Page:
This video, which a friend pointed out to me on the Guardian’s Web site, is quite intriguing. Its direct relevance to Parkinson’s is minimal, but it does discuss the role of dopamine in the brain and the psychological and sociological results of an excess thereof. Too much dopamine is, of course, precisely the opposite problem to that posed by Parkinson’s. Too much dopamine promotes addictive behaviour (such as that caused by some drugs used to treat Parkinson’s) and may also be at the root of problems such as mania and schizophrenia.
– video (17min 42sec) 18 May 2012
Although dopamine does control our wanting, it does not seem to affect our liking. This apparently counterintuitive lack of connection seems to have surprised the scientists. The issue seems to be that people and animals will, if depleted of dopamine, not make as much effort to obtain a pleasurable outcome (a hedonistic reward) – but, on obtaining the reward, they still enjoy it just as much. The difference is, essentially, motivational.
However… should the distinction be such a big surprise? Why do we have two different terms in the first place?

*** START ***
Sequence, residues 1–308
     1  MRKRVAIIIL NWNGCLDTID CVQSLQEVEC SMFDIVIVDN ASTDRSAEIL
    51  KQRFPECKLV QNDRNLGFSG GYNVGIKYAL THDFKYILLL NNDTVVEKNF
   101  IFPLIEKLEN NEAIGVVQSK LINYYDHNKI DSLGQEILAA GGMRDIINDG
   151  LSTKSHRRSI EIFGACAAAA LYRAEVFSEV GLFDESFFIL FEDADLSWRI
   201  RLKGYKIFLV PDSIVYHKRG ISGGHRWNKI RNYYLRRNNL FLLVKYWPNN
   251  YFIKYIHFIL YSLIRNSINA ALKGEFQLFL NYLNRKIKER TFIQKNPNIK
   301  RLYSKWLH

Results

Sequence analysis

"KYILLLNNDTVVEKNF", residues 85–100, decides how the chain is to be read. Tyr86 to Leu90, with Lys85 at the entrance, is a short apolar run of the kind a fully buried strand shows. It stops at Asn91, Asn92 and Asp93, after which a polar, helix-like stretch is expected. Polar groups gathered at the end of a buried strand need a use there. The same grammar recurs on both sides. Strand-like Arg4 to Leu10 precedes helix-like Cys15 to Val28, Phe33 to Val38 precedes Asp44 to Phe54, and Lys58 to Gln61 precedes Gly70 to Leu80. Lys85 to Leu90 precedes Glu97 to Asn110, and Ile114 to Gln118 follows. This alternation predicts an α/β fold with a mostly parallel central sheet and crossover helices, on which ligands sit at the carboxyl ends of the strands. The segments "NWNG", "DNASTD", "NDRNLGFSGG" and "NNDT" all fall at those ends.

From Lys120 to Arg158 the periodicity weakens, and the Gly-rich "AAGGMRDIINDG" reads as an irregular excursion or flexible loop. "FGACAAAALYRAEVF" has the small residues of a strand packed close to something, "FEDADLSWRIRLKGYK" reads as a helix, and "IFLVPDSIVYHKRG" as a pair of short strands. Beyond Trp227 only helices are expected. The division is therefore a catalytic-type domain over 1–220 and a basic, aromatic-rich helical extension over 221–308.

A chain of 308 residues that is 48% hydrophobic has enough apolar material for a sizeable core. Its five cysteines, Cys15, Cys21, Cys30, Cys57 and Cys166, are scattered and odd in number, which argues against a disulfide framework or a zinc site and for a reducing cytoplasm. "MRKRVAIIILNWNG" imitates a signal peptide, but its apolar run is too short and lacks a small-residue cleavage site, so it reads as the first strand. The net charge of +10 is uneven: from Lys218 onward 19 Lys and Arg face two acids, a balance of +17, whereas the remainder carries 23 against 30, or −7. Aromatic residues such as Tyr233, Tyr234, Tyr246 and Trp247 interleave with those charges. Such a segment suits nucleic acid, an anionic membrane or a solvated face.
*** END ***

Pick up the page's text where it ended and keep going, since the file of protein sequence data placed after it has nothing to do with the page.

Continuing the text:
And why does popular culture so frequently refer to this type of difference? Here are some lyrical examples – not quite want and like (I couldn’t think of any that precise) – more need and want, love and like, even want, need and love. But it’s the same type of distinction.
You can’t always get what you want
But if you try sometimes you just might find
You just might find
You get what you need
And I need you more than want you, and I want you for all time
I am very very much in like with you
I hope that it’s enough ’cause it’s all I can do
I want you (I want you)
I need you (I need you)
But-there ain’t no way I’m ever gonna love you
Now don’t be sad (Don’t be sad)
‘Cause two out of three ain’t bad